Mired in controversy over the last decade, Mel Gibson has finally broken his silence and opened up about his struggles, mistakes and future.
In a long interview with Deadline, Gibson, who is starring in longtime friend Jodie Foster's upcoming dramedy "The Beaver," discussed his ugly legal proceedings with ex-girlfriend Oksana Grigorieva, the mother of his youngest child. His scathing voicemails to her (which he claims were edited before being leaked) became, along with his admission to hitting her, the center of a nasty custody battle.
Regarding the violent incident, Gibson said:
I was allowed to end the case and still maintain my innocence. It’s called a West plea and it’s not something that prosecutors normally allow. But in my case, the prosecutors and the judge agreed that it was the right thing to do. I could have continued to fight this for years and it probably would have come out fine. But I ended it for my children and my family. This was going to be such a circus. You don’t drag other people in your life through this sewer needlessly, so I’ll take the hit and move on.
Gibson, at one time the most powerful movie star in the world, has been accused of racism and anti-semitism based on a number of drunk rants, both with police officers and with, allegedly, Grigorieva. He may have said those words, but he promises that he doesn't believe them.
I’ve never treated anyone badly or in a discriminatory way based on their gender, race, religion or sexuality -- period. I don’t blame some people for thinking that though, from the garbage they heard on those leaked tapes, which have been edited. You have to put it all in the proper context of being in an irrationally, heated discussion at the height of a breakdown, trying to get out of a really unhealthy relationship. It’s one terribly, awful moment in time, said to one person, in the span of one day and doesn’t represent what I truly believe or how I’ve treated people my entire life.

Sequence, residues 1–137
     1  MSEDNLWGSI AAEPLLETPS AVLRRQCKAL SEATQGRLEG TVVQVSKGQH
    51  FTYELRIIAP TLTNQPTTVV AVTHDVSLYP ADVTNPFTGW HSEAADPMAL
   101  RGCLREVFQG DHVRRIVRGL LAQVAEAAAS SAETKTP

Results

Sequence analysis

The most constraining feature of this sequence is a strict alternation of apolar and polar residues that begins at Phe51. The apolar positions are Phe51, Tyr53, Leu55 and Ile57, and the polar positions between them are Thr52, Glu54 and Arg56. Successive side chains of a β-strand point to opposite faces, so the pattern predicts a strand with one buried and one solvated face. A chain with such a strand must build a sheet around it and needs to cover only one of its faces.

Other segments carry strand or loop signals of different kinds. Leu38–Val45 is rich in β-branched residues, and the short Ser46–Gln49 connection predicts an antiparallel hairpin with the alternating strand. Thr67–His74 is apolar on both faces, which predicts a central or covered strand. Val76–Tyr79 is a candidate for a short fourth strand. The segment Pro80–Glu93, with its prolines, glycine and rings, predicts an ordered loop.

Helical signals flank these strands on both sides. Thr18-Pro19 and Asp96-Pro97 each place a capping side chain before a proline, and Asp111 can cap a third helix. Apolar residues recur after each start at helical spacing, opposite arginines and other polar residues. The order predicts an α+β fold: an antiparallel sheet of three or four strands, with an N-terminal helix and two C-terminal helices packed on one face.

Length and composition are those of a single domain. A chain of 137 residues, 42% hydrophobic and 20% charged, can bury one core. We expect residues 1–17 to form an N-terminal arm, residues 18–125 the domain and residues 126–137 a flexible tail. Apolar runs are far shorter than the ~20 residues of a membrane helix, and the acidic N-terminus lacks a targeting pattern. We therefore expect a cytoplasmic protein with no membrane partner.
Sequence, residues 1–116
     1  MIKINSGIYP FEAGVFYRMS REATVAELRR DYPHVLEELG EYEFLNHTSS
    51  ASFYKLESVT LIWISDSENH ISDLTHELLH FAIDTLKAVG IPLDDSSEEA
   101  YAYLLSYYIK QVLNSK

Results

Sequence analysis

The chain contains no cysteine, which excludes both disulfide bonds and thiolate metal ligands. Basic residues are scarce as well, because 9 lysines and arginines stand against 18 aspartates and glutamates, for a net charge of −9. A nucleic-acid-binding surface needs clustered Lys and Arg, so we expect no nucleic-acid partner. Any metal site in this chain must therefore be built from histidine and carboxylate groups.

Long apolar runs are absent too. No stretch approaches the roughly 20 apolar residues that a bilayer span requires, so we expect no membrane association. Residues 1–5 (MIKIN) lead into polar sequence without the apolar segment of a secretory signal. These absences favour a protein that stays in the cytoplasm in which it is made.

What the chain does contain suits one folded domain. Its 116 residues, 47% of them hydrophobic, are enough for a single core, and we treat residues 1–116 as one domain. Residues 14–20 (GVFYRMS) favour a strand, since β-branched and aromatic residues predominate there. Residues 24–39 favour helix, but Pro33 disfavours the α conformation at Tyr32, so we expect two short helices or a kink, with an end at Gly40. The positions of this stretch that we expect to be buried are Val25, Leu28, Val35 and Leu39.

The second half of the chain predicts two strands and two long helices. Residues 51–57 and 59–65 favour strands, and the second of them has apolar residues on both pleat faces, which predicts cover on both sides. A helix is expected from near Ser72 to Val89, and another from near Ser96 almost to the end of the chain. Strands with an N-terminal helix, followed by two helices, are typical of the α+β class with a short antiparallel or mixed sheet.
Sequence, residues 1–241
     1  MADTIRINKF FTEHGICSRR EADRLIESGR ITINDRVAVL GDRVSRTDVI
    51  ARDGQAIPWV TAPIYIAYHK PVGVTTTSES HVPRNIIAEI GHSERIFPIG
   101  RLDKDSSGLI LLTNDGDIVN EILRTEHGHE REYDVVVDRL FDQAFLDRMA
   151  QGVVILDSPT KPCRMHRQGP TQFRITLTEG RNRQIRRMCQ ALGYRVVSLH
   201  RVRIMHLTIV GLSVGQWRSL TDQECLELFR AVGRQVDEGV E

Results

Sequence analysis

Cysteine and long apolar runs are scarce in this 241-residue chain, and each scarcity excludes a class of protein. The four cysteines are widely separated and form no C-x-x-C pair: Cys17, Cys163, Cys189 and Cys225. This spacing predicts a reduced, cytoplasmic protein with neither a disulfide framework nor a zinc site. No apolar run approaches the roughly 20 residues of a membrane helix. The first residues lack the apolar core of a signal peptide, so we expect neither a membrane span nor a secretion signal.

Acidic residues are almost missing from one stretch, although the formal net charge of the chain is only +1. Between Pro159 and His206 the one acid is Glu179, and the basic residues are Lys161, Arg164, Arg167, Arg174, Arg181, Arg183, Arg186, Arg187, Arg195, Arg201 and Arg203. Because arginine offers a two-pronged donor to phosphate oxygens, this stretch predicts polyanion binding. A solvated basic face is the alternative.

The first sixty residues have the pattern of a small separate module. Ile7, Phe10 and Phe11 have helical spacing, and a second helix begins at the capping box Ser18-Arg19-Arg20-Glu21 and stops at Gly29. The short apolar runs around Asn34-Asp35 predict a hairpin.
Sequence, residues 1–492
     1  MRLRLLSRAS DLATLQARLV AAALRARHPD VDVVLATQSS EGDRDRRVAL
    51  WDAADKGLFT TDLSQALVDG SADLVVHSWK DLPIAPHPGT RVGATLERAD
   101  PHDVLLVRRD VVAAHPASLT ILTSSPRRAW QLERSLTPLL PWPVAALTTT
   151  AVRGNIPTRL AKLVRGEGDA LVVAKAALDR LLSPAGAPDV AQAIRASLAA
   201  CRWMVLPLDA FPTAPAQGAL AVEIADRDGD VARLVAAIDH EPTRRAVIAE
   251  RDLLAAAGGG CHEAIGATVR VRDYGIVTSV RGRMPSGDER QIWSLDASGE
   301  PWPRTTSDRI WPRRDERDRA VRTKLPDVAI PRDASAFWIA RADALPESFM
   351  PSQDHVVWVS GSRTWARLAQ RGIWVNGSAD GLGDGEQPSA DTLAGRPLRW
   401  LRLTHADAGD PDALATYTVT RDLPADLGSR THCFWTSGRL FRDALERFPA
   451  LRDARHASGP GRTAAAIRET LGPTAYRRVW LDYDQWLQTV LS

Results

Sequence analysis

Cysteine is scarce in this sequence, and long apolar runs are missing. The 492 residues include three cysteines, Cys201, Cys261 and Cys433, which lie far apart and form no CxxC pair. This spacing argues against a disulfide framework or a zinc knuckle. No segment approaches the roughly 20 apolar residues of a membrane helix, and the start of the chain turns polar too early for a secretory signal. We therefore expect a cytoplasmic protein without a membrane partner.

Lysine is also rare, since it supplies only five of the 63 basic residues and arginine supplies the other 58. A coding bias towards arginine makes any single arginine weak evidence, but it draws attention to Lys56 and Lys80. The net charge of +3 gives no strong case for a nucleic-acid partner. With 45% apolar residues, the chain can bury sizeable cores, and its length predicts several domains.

Actress Winona Ryder recently said otherwise; she claimed in a recent interview with GQ that Gibson was terrible to work with, homophobic and very anti-semitic.
"I remember, like, fifteen years ago, I was at one of those big Hollywood parties. And he was really drunk," she recalls to the magazine. "I was with my friend, who's gay. He made a really horrible gay joke. And somehow it came up that I was Jewish. He said something about 'oven dodgers,' but I didn't get it.
"I'd never heard that before," Ryder continues. It was just this weird, weird moment. I was like, 'He's anti-Semitic and he's homophobic.' No one believed me!"
"The Beaver," Gibson's movie with Foster (whom he says he'll love forever for her support), is about a shellshocked man who uses the persona of a puppet to get through a crisis after his wife's death. It took forever to be picked up and then released, given his problems and lack of marketability, but now that it's finally going to see theaters, Gibson says he is working on a number of other projects. That said, he intimated that he regrets becoming an actor in the first place, and that if the public completely rejected him, he'd have no problem never appearing in a film again.
I could easily not act again. It’s not a problem. I’m going to do something now because I want to do it and because it’s fun. I’ve already pulled another job and it’s going to be fun. I don’t know if it’s going to get off the ground, but I’m going to go work for ["Braveheart" screenwriter"] Randy Wallace again. He’s got this script and he’s had it for years. He wrote some book and he’s adapted it to a script. And it’s almost like Alexander Dumas — like that swashbuckler kind of stuff.
Fortunately for Gibson, "The Beaver" has been getting strong reviews, so his career seems to have a pulse for now. For so much more, click over to Deadline.